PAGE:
Port of Newcastle unveils next phase in Carrington Engine House restoration

Port of Newcastle unveils next phase in Carrington Engine House restoration

Port of Newcastle has announced that an additional $850,000 will be invested in ongoing restoration of the 143-year-old Carrington Hydraulic Engine House.

Built in 1877 and operating until 1967, the building housed the first large scale hydraulic power system to be established in Australia, providing power for the original coal loading cranes.

Work to restore the northern, eastern and western façades will commence this month, the port announced earlier this month at the re-opening of the site.

It follows completion this year of a $1.2 million project to restore the southern façade of the heritage- listed sandstone and masonry building and create a new public plaza celebrating its significance and history.

The first phase of work was possible thanks to $500,000 of funding from the Newcastle Port Community Contribution Fund, administered by the NSW Government.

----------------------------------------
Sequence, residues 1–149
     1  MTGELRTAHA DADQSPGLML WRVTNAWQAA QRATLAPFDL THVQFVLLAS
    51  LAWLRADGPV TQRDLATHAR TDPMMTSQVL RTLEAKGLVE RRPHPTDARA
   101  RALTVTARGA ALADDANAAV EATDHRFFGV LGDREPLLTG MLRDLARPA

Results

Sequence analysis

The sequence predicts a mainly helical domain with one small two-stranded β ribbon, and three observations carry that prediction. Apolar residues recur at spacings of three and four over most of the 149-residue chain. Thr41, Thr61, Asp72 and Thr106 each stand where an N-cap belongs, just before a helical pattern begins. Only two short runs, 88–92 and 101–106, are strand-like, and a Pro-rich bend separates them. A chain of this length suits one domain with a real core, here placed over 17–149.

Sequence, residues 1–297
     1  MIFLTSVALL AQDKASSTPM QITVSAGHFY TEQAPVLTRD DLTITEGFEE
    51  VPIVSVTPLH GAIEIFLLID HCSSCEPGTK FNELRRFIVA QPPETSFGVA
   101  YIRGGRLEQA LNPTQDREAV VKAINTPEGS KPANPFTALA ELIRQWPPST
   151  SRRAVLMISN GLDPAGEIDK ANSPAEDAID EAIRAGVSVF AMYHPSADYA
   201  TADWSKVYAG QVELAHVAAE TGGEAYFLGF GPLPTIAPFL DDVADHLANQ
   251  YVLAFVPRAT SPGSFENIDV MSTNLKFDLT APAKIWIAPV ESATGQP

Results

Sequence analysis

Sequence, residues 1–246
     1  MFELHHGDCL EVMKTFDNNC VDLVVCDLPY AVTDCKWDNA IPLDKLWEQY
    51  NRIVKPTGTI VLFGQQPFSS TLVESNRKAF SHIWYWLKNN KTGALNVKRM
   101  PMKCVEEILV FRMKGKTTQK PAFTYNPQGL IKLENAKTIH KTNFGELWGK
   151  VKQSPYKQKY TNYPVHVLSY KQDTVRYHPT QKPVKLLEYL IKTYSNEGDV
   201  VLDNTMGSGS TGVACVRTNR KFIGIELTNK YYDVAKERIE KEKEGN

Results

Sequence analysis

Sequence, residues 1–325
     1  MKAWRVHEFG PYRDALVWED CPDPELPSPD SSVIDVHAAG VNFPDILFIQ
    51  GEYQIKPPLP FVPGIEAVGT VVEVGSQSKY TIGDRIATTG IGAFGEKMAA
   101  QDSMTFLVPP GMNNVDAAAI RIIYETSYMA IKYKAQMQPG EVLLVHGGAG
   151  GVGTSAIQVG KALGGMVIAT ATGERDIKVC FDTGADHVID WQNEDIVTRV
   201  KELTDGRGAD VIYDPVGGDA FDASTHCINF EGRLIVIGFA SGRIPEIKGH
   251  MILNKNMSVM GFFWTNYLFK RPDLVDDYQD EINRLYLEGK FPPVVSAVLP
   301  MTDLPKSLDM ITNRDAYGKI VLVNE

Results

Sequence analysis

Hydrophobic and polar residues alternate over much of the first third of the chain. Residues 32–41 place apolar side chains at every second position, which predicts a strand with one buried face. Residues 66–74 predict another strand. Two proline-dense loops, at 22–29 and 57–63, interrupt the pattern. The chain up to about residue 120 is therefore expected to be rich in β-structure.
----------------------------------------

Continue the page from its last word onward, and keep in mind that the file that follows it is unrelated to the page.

Port of Newcastle CEO Craig Carmody said the re-opening of the site – which had been delayed by COVID-19 – was an important milestone in a long-term plan to restore it to its former glory.

“Port of Newcastle is proud to be the long-term custodian of this building, which has both historical and architectural significance for the city,” Craig said. 

“With a generous contribution from the NSW Government, we have restored the southern façade and created a new community space so people can enjoy the grounds of this picturesque building after a long period closed off to the public.

“The additional $850,000 of work announced today will restore the other three façades and also provide improved weather protection for the interior by addressing historic roof integrity issues.

“We are protecting and respecting the port’s important historic role of the past 220 years, while also powering ahead with ambitious plans for the next 100 years. The port has a proud history as well as a critical role to play long into the future,” he concluded.

IMAGE | Additional funding acquired to continue restorations on the Carrington Hydraulic Engine House.

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